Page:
Ach, a musician friend once told me that if you can't crack a song out of a catchy riff within twenty minutes, it's best to admit defeat - polish as you might, no amount of Mr. Sheen is going to buff up that turd.
That's kind of how I feel about my response to this screed by Christopher Hitchens, the pickled Posidonius of the Pax Americana. It's without doubt his most flatulent blast of triumphalism so far, as he daubs himself in the blood of his anti-war foes, their torn bodies lying prostrate at his feet.
No doubt George Galloway's skull will make for a fine goblet, from which to sup the sweet wine of victory while a manacled and bedraggled Jacques Chirac plays the Star-Spangled Banner on a xylophone made from Schroeder's ribcage.
I tried envisioning Hitchens as King Pyrrhus, casting a blazing eye over his shattered army and proclaiming his lordship over all Italy, but it just didn't do justice to his small-mindedness.
Then I imagined him as Voltaire amongst the aftershocks in a shattered Lisbon, singing newfound hosannas to the glory of God.
That one was just a bit too wanky, and didn't convey the appropriate level of smug satisfaction.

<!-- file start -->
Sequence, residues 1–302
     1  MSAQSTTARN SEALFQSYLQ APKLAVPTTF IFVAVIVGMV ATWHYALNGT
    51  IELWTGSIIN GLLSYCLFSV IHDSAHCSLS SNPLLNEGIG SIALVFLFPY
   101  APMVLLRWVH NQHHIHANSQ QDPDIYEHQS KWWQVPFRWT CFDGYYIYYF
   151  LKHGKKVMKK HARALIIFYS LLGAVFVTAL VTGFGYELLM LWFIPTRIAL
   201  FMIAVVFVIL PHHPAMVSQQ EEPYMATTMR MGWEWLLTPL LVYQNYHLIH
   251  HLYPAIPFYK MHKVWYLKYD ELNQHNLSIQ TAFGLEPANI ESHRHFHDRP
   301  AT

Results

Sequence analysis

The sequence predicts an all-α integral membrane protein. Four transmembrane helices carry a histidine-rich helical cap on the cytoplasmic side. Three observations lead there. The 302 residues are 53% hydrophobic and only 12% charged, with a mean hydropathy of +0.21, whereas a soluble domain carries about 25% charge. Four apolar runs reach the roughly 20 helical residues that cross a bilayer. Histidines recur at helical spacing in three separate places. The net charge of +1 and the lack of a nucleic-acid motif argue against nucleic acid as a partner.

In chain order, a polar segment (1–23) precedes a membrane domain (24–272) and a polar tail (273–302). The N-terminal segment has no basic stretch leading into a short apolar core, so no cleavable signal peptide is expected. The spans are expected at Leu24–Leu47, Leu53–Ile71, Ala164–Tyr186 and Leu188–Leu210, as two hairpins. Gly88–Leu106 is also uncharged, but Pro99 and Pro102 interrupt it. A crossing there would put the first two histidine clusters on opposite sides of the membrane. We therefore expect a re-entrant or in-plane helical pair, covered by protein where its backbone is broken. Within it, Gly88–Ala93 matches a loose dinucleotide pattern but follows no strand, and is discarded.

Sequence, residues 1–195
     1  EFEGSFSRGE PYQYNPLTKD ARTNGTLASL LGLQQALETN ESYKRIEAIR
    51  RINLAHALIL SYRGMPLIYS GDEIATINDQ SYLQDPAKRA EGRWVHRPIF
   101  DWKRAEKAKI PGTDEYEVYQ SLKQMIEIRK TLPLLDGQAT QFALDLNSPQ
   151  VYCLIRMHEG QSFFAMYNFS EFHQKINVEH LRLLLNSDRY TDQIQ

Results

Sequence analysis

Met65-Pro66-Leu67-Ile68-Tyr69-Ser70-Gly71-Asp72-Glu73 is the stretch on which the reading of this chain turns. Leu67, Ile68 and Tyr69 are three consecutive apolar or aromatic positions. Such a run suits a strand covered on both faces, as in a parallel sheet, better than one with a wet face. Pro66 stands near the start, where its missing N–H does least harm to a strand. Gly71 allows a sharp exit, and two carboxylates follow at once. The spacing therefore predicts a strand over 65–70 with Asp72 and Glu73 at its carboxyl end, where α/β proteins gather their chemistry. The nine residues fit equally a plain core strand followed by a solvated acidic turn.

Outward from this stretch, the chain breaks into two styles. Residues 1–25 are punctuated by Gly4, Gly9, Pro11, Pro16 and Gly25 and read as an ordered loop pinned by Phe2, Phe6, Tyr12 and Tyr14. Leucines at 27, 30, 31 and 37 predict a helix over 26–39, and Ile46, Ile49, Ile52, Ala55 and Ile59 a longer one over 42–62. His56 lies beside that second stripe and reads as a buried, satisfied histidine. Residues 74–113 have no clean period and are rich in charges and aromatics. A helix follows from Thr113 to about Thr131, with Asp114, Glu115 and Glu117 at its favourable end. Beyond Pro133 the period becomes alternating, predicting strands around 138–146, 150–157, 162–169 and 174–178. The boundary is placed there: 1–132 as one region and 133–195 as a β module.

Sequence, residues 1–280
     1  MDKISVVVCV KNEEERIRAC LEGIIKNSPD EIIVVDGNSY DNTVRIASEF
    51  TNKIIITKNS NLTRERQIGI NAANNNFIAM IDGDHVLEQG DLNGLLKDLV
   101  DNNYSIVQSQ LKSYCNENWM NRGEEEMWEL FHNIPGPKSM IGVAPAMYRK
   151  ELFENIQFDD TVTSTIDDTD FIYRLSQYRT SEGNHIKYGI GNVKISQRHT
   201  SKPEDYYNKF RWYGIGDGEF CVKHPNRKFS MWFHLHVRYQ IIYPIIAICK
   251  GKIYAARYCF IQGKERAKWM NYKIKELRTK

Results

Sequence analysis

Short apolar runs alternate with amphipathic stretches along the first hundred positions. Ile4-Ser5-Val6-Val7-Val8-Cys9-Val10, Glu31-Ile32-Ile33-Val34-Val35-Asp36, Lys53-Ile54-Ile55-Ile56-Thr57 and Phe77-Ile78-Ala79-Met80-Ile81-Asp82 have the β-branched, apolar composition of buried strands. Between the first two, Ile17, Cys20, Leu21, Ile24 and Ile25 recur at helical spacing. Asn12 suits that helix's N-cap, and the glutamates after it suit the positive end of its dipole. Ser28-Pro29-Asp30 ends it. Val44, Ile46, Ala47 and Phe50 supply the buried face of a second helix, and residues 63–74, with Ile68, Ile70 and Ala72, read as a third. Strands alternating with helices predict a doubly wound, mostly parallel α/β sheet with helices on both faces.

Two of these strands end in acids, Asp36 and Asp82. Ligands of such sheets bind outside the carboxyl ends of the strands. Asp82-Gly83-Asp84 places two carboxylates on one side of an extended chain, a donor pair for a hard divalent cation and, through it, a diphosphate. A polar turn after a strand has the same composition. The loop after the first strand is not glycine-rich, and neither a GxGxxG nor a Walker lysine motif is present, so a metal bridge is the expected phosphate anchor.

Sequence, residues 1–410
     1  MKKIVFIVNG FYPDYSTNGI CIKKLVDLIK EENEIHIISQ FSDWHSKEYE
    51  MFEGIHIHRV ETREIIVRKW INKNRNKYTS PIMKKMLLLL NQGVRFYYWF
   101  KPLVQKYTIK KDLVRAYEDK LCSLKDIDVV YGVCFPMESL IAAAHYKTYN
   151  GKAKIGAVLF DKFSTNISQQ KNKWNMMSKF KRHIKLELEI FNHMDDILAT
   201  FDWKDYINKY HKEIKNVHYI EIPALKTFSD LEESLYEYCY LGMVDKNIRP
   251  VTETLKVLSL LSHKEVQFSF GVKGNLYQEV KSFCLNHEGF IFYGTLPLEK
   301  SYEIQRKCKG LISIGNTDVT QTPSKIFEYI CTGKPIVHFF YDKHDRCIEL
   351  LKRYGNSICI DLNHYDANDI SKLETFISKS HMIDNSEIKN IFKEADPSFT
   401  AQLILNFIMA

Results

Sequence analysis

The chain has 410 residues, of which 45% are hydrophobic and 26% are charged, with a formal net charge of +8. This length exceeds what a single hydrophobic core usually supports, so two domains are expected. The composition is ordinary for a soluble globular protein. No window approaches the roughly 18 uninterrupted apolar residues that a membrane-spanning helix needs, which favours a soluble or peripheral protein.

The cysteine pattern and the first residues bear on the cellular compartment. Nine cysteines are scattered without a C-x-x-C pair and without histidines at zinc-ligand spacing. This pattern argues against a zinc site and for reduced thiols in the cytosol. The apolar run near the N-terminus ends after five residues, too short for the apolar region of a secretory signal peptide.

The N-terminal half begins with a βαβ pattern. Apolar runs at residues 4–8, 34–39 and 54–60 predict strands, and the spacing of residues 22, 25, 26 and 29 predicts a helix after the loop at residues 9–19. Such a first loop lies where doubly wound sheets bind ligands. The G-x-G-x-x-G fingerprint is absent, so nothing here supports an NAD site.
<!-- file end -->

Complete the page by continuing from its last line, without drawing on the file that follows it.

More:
Finally, I tried to imagine him as a faded Parisian hooker, the last vestiges of soft beauty finally callused by hard cynicism and rough gin, cackling over the downfall of a younger rival.
But ultimately I had to admit defeat - grope as I might, I'll never find the appropriate metaphor to encapsulate such an inappropriate display of schadenfreude. Hundreds of words glorying in the defeat of his adversaries, and not a single mention of the catastrophe that has befallen Hitch's vision of a free, democratic Iraq.
Nero may have fiddled while Rome burned, but I imagine that when he finally laid down his bow he asked if anyone else smelled smoke.
And that's what this article leaves me with - the mental image of the pyromaniac, his handiwork done, laughing and wanking in the orange glow of the crackling flames.
In the end, I think that's the closest I'll ever get.